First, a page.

Register: OCT/25/2018, Submit: OCT/25/2018, Eligibility: Professionals in architecture or in related fields: architectural illustrator, educator, engineer, cg animation; students, Fee: Professional – AIA Member 35 USD, 20 USD additional entry, Non-AIA Member 50 USD, 30 USD additional entry; Student – AIAS Member 25 USD, 15 USD additional entry, Non-AIAS Member 35 USD, 25 USD additional entry, Awards: 1. The Award for Excellence in Digital/Hybrid Media: 2 Winners – professional & student 300 USD each; 2. The HKS Award for Excellence in Hand Delineation: 2 Winners – professional & student 300 USD each; 3. The Richard B. Ferrier Award for Best Physical Delineation: Winner 300 USD; 4. The Kevin Sloan Award for Best Travel Sketch: Winner 300 USD; 5. Emerging Technologies Delineation Category: Winner 300 USD; 6. Jurors Citation
The Ken Roberts Memorial Delineation Competition (KRob) has celebrated the best in architectural delineation for 43 years. A Dallas classic that has received international recognition, KRob honors hand and digital delineation by professionals and students throughout the world. Averaging over 400 entries from 25 countries in the past several years, the competition’s visibility continues to grow. The Ken Roberts Memorial Delineation Competition is the most senior architectural drawing competition currently in operation anywhere in the world.
In the late 1920’s, The Architectural League of New York established the first American competition for architectural drawings. It was named after Birch Long, one of their greatly talented and much-loved members who died while working on their 1927 exhibition. The “Birch Burdette Long Memorial Prize” was awarded annually until 1972, when it was discontinued for lack of interest in architectural illustration.
It seems a remarkable coincidence, indeed that a new annual event in far-away Texas was initiated the following year by the Dallas Chapter of the AIA, and was subsequently named for the untimely death of a respected colleague.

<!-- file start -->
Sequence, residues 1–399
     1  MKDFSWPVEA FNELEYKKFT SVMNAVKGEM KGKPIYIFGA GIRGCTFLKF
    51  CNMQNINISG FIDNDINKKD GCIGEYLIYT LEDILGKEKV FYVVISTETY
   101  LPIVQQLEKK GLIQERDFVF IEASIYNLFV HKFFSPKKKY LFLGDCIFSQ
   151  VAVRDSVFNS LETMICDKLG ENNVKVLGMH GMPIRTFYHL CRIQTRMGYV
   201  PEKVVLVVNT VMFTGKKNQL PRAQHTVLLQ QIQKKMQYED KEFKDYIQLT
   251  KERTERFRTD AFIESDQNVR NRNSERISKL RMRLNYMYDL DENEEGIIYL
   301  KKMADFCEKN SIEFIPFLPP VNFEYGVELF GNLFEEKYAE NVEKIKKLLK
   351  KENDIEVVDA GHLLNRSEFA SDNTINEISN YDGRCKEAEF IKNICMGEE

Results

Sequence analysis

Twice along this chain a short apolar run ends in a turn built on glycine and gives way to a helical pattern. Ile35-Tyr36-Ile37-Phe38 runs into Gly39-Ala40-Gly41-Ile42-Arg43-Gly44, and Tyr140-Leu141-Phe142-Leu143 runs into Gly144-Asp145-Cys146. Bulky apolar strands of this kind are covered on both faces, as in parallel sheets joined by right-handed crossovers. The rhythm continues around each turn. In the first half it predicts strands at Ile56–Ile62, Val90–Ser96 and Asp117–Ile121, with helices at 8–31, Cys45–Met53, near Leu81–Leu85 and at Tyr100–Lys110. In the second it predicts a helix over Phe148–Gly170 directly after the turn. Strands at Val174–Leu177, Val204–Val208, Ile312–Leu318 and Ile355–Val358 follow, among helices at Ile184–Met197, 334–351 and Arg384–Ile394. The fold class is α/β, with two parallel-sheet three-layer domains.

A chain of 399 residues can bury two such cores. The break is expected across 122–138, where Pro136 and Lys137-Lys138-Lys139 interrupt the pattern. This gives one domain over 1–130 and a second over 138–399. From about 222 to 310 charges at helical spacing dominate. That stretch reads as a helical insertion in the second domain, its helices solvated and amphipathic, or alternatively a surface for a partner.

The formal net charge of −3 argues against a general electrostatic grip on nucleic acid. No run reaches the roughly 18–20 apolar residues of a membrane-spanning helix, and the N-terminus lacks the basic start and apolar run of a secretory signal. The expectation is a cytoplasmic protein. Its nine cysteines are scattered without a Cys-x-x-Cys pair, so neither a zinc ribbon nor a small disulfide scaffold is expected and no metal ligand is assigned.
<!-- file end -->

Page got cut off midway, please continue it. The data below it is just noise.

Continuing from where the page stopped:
This event preceded by two years the 1975 founding of the British Society of Architecture Illustrators (SAI), the first of several national organizations to follow. In 1980 the Japanese Architectural Renderers Association (JARA) was initiated, followed by the 1986 founding of The American Society of Architectural Perspectivists (ASAP) in Boston by Frank Constantino, Steve Rich and myself. The NYSR in New York and the short-lived New Jersey Association were formed soon after ASAP. After the Koreans founded KAPA in 1990, the Australians became the “newest kid on the block” with their AAAI, which was organized (in 1995)]. All this makes the Ken Roberts the most senior architectural drawing competition currently in operation anywhere in the world. – (article researched and written by Paul Stevenson Oles, FAIA)
WHO WAS KEN ROBERTS?
Ken Roberts was a Louisiana native and an architect who worked for the firm Craycroft-Lacy & Partners during the late 1960’s in Dallas. He then left to join forces with Dick Savage and later with Clutts & Parker to form Iconoplex, Inc in 1973. As his former boss Jack Craycroft recalls, Roberts was “a great designer and even better architect”. In addition, Roberts produced numerous immaculate ink perspective drawings of small residential and commercial projects that testified to an impressive facility for architectural rendering by hand.